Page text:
Awhile ago, I had a somewhat high blood sugar score on a test. It wasn’t a fasting test or anything, so I don’t know how accurate it was, but in the past year, it was higher than my last one, and that one was higher than the one before that. Diabetes runs in my family, and as I get older, I find that I’m more sensitive to sugar (and caffeine and alcohol!) I also was borderline for gestational diabetes when I was pregnant. For all these reasons, I decided to do an experiment over the last couple of months and greatly reduce my sugar intake. I haven’t cut it out completely, and I occasionally have dried fruit (but not much) and bananas, and all the other high glycemic index fruits (apples, watermelon, etc.) But I have cut it out A LOTI’ve since realized that I used to eat a lot of sugar — I have such a sweet tooth. But if I have a taste of something now that’s high in sugar (the other day I sampled a bite of a gluten free blueberry muffin sample at Trader Joe’s and had to throw the rest away), it tastes TOO sweet. I do sweeten my coffee with stevia and I chew sugar free gum, so I haven’t shunned all sweet things though. I’m just trying to do things in moderation. I find I need less sweetener in my coffee now than I did before though. I will probably have another blood test in a week or two, so it will be interesting to see if my levels have been affected by the change in my diet over the last three months or so.
A new moniker that keeps popping up in health news these days is “Super Food” — have you noticed? I haven’t been paying that much attention, because I tend to eat a lot of them anyway: green leafy vegetables like kale, blueberries, oats, broccoli, walnuts, salmon, spinach, chia seeds, avocados, coconut oil, eggs, etc. I haven’t gone out of my way to sample some of the more exotic super foods, like acai berry, camu camu, maca, lacuma, spirulina, or even wheat grass. But I keep hearing about raw cacao powder — cacao is the portion in chocolate that has all the antioxidants and is rich in minerals. I’ve even read that it helps to lower insulin resistance. It appeals to me because I love chocolate, and since I have stopped eating a lot of sugar, I find I even love eating unsweetened chocolate (to my son’s horror). I decided to buy a bag at our local health food store and try it out for myself. It definitely tastes “more chocolatey” than regular unsweetened cocoa.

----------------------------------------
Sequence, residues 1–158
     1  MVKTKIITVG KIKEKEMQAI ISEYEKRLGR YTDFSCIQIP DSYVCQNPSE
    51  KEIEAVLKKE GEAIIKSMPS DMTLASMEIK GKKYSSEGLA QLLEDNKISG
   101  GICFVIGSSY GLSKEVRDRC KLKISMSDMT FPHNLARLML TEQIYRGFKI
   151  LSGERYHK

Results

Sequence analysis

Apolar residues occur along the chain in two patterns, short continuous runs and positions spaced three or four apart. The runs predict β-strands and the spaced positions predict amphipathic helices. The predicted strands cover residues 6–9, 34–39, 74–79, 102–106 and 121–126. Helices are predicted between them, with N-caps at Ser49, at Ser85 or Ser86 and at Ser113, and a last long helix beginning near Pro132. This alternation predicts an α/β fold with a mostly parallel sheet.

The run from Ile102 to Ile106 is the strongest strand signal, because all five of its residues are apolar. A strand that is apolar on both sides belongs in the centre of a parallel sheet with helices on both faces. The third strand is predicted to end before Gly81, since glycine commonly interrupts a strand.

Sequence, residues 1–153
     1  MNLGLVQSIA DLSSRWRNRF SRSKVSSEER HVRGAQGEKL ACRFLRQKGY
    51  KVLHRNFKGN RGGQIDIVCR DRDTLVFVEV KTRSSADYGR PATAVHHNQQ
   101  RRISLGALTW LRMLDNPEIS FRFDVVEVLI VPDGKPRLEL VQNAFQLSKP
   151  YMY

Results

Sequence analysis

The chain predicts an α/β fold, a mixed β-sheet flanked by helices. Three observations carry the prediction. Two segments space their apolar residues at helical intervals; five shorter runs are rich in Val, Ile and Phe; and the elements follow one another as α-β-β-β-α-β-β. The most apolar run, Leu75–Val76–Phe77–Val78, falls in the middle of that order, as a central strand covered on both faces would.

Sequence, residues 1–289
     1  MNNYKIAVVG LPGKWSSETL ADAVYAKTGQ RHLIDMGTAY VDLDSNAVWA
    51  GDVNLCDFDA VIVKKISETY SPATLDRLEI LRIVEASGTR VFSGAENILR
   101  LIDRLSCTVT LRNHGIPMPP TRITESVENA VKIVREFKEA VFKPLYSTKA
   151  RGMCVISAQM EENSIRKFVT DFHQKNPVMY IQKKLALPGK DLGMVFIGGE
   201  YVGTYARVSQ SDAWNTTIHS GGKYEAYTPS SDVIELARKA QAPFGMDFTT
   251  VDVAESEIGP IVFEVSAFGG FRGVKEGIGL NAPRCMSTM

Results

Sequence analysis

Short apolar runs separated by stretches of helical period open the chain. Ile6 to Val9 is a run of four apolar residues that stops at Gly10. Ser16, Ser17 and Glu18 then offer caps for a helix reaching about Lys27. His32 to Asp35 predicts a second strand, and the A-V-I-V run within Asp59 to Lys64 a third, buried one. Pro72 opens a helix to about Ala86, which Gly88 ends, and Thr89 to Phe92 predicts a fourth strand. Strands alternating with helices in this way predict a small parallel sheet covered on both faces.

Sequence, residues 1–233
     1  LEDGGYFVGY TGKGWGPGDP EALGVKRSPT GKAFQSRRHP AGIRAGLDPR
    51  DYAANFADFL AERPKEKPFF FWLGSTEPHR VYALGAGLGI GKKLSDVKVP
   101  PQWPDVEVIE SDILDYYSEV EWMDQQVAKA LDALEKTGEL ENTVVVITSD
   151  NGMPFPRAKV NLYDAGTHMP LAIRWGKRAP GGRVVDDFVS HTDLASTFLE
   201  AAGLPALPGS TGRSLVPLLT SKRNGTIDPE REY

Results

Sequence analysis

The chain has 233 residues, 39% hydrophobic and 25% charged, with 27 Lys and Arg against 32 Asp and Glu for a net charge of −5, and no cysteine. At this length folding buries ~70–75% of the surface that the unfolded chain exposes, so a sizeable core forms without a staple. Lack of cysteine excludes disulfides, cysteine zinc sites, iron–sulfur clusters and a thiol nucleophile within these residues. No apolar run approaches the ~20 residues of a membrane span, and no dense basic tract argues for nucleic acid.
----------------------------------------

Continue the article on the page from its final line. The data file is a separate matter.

I’ve been eating sugar free Chocolate pudding occasionally, but I’ve been finding it also is too sweet even when I add unsweetened cocoa powder to it. And I’m not that big of fan of it containing aspartame. So I decided to try my hand at a tofu based pudding. And then I decided: Hey let’s take it a step further and try throwing it in the ice cream maker. 🙂
The result was really great! It is very easy to make as well. You just process a package of Silken soft tofu, cocoa powder, agave syrup (or other sweetener), and some vanilla in a food processor and then churn in an ice cream maker for about 10-15 minutes (it is much faster than making regular ice cream, perhaps because of the low fat content). Let it harden in the freezer. The longer the tofu melds with the other flavors, the better it tastes. There you have it — dairy free, chocolate tofu ice cream that is high in anti-oxidants and low in calories! 🙂 Note, my batch is not as sweet as the kind you buy in the store, but I prefer it that way. If you want a sweeter version add more sweetener or make with 2/3 cup chocolate chips melted with 1 tablespoon water — I have made it this way too in the past before my sugar concerns, and it is very delicious!
1 block of Silken soft tofu
1/4 cup agave syrup or other sweetener
1/4 cup raw cacao powder or unsweetened cocoa powder
1 1/2 teaspoons vanilla extract
1. Process all ingredients in a food processor until silky smooth, stopping to scrape down edges midway through.
2. Churn in an ice cream maker according to manufacturer’s instructions for about 10-15 minutes.
I had forgotten that I awhile back I did this submission for Tofu 3 Ways, for the awesome site, They Draw and Cook. The Tofu Mousse recipe in the illustration is similar — but not sugar free. Still, this would be good also when churned frozen in an ice cream maker!